L’Imam et le Pasteur – Ottawa, January 23, 2009
The first public screening of the French language version of the Imam & the Pastor in Ottawa took place at Saint Paul University on Friday, January 23. The event was a collaboration between the Conflict Studies program of the university and Initiatives of Change.
The panel consisted of Philothée Kigeme from Burundi, a student in Conflict Studies, Oscar Gasana, a federal civil servant, graduate from the Masters in conflict studies program, former President of the Rwandan community association, and Abdourahman Kahin, psychologist, originally from Djibouti, who represented Muslim Presence.
The audience of 35-40 engaged very actively in the discussion that followed the film. At least some of the empty seats could be attributed, somewhat ironically, to the city’s own unresolved conflict - a month long transit strike. Among those present was Jean Monbourquette, a noted author based at Saint-Paul University; a visiting Swiss pastor, his wife and son, others on staff at the university and in the CICR (Canadian Institute of Conflict Resolution) and a number of people who had escaped from conflict in Rwanda, Burundi and the DRC.
The relatively small number of people made it possible to have good and open dialogue between the panelists and the audience, following the film. “Before seeing the film, I didn’t think reconciliation was possible”, said Philothée, “but now I know it is. Without hope, we’re at the end of the road, but when you have hope, you go on.” She continued, “We need to exploit what is common to us, rather than our differences. Somebody always has to be the first to change, like the Imam visiting the Pastor’s ill mother”. Abdourahman noted that the words reconciliation, forgiveness, trust and peace occur many times through the film, but that without acceptance, they are not possible. “You can’t put a price on peace”, he said.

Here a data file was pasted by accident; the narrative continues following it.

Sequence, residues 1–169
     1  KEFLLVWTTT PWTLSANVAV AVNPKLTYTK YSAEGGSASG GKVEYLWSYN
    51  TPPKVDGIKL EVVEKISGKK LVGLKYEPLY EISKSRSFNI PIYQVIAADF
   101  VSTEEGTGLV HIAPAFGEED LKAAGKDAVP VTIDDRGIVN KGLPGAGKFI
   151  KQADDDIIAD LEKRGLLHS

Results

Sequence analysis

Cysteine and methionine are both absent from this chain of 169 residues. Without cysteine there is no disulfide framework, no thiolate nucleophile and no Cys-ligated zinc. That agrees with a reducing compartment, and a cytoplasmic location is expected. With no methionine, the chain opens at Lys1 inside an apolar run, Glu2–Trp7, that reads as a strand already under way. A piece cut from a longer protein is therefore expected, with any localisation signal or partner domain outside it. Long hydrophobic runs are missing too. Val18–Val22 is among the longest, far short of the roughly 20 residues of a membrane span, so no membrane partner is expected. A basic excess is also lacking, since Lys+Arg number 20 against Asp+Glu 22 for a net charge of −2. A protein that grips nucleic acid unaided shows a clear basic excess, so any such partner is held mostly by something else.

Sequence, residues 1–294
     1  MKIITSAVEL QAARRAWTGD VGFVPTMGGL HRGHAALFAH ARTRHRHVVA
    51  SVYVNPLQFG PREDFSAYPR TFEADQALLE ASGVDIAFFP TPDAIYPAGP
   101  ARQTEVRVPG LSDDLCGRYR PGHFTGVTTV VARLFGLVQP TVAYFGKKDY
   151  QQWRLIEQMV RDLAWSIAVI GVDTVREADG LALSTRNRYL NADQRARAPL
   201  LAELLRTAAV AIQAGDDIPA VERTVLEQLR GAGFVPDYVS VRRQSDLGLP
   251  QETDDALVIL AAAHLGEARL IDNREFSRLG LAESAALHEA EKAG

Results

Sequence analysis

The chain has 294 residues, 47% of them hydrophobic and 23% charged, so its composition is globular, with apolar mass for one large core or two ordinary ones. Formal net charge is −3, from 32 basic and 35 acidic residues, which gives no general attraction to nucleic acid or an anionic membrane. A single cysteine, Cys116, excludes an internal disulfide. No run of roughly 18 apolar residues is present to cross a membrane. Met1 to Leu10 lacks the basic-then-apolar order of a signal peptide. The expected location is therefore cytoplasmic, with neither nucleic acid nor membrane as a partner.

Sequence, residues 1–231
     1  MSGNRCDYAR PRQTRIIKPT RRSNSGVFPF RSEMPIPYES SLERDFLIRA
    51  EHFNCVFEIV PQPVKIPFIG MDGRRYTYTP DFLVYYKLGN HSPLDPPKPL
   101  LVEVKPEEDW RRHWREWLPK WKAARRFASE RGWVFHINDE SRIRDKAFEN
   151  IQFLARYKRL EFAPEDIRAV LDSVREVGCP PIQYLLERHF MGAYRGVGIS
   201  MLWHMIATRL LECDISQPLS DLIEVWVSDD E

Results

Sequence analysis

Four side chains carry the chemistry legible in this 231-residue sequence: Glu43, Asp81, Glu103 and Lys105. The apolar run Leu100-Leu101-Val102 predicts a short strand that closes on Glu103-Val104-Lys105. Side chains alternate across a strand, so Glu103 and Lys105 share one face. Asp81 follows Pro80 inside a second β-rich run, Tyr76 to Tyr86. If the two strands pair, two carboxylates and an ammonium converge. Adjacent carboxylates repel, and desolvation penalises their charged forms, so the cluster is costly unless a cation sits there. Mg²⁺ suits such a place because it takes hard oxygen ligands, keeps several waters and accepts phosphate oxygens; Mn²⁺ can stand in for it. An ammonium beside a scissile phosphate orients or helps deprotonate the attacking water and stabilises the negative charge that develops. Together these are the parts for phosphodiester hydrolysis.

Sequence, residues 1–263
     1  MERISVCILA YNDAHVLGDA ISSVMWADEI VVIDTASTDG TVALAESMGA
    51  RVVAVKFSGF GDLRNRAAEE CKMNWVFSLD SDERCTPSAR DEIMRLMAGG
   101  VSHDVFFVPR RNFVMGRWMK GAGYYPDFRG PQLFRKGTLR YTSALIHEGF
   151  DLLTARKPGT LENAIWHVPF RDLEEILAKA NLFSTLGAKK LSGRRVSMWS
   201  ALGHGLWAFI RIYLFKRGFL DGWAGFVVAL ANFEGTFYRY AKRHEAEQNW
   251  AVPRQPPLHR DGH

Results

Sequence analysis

The discussion went beyond the generally positive things people tend to say about the film to more difficult issues. A survivor of the Rwanda genocide wondered how he could be expected to forgive those who had killed members of his family or, for that matter, ask for forgiveness of those whom he may have unjustly accused, so long as the justice process failed to reveal who was actually responsible for those crimes. Several felt that the issue of justice was not adequately addressed in the film. While that might be true, it was pointed out that the film was not attempting to address every issue but simply to share an authentic experience.